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  • Wines of Austria

    Austria may best be known as California Governor Arnold Schwarzenegger’s birthplace, but did you know they rank 18th in wine production and 11th in wine consumption? The current country of Austria is a result of the 1919 Treaty of Saint Germain. After this event and WWI, Austria was left economically destroyed. Resorting to mass-marketed, poor quality wine, Austria made an effort to come back economically. Things continued to worsen until 1985 when a group of corrupt wine brokers tried to pass off wines with diethylene glycol (antifreeze). This is probably the best thing that could have happened to their wine making industry. The entire industry cleaned up their act, and now Austria makes the most riveting wines of central-eastern Europe. In light of this it is no surprise to learn that they also have the strictest wine laws of anywhere in Europe.

    Best known for white wines made from Gruner Veltliner, Weissburgunder (Pinot Blanc), and Riesling, they also produce some notable reds including Blauburgunder (Pinot Noir), Blaufränkisch (Lemberger) and Zweigelt.

    Here is a quick overview of their white wines:

    Grüner Veltliner – Peppery spice, fruity, usually dry. Productive and rather hardy, although it ripens late, the Grüner is known for producing crisp and fresh wines that have notes of pepper, spices and grapefruits. Can improve for many years in bottle when given care, sometimes taking on the exotic fruit character of an aged Burgundy.

    Riesling – Elegant fragrance, fine nuances, raciness. In good vintage years the noble Riesling from Austria’s best-situated vineyards produces some of the world’s finest wines of this variety. Its attractive bouquet usually has delicate notes of peaches, apricots and citrus fruits. Because of its piquant acidity, the Riesling is very racy and long on the palate; it constantly develops and thus ages very well.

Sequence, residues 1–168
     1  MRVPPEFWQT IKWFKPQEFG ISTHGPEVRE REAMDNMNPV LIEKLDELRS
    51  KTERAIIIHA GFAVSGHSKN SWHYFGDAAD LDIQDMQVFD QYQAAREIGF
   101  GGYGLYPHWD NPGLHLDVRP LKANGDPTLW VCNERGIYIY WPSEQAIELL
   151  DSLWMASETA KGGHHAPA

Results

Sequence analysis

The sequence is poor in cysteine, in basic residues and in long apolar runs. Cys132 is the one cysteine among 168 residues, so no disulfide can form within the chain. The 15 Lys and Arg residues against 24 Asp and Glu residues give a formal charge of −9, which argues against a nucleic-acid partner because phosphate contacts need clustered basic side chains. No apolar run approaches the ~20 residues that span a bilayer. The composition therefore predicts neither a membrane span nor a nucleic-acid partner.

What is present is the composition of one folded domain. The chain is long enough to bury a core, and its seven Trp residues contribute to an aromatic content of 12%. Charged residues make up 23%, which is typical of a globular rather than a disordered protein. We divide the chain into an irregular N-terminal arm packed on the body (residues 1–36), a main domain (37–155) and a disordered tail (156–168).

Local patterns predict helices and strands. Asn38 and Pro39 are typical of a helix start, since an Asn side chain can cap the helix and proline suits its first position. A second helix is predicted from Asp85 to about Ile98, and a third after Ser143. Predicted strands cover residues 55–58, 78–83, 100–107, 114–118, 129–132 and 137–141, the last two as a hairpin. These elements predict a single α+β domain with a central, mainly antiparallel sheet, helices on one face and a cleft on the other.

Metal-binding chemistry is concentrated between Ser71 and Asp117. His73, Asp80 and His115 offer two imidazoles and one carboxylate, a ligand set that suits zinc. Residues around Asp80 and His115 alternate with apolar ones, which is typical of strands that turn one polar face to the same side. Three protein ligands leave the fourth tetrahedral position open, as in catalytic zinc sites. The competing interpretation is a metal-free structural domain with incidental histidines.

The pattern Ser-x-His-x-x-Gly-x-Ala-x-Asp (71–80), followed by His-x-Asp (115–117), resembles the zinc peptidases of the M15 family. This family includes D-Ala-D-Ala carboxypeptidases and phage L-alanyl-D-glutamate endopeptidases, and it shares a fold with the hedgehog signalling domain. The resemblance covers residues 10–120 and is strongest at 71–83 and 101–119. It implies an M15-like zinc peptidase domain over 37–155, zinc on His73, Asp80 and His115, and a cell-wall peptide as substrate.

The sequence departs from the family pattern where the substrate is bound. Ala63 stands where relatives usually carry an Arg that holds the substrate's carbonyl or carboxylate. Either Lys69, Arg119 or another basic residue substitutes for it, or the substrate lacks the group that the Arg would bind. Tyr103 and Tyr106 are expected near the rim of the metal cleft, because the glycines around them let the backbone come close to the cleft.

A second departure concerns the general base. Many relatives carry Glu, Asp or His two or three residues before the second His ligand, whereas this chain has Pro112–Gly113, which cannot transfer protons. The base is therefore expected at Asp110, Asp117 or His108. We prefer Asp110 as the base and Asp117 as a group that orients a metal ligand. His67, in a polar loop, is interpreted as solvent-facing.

Weissburgunder – A fine combination of fragrances, powerful, racy. If the grapes have attained full maturity, the Austrian Weissburgunder is a white wine rich in extracts with a fine almond-like taste and piquant acidity. The grape variety known internationally as Pinot Blanc usually develops very well in the bottle. Because of its discreet character it is suitable for blending with other varieties and for ageing in new, small oak barrels (en barrique).

    And a quick overview of their red wines:

    Blauburgunder(Pinot Noir) – Discreet bouquet, elegant, soft tannins. Despite some new vineyard planting, this grape variety, which made the red wines of Burgundy famous, is still under-represented in Austria. The Pinot Noir has a very fine bouquet that is difficult to describe, best perhaps as reminiscent of raspberries or almonds. Its taste has lots of fruity charm and elegance. Despite its delicate structure it ages better than many wine-lovers assume.

    Blaufränkisch – Dark berry notes, astringent-spicy, medium tannin levels. The name Blaufränkisch (literally “blue Franconian”) probably dates from the time of Charlemagne, when all high-qualities varieties were classified as “Franconian” (fränkisch) while those of lesser value were called “Hunnic” (heunisch) and eliminated. In its youth this Austrian speciality is an impetuous, deeply fruity red wine, which with ageing becomes more velvety and supple, gaining additional facets.
    Zweigelt – Despite being bred from a crossing of Blaufränkisch and St. Laurent in 1922, Zweigelt is now the most widely planted red grape in Austria. Hardy, vigorous and productive, Zweigelt (or Blauer Zweigelt and Rotburger as it is also known) buds late and ripens early, which are very useful traits in the cool Austrian growing regions. Though it is at its best when yields are low, Zweigelt can be counted on to consistently produce medium bodied reds that have a nice mix of currants, herbs and tannins. From better sites and low yields some very rich and tannic reds can be produced that can take well to both barrel and bottle aging.

    The Cellars features outstanding wines from the following producers: Loimer, Domaine Wachau, and Neckenmarkt. For some really interesting wines try the Pinot Noir from Claus Preisinger, a 28 year old winemaking marvel truly in tune with his terrior. You may also want to try the Weissburgunder from 20 year old vines from Judith Beck.

    Thad Norlinger
    -Cellars Wines & Spirits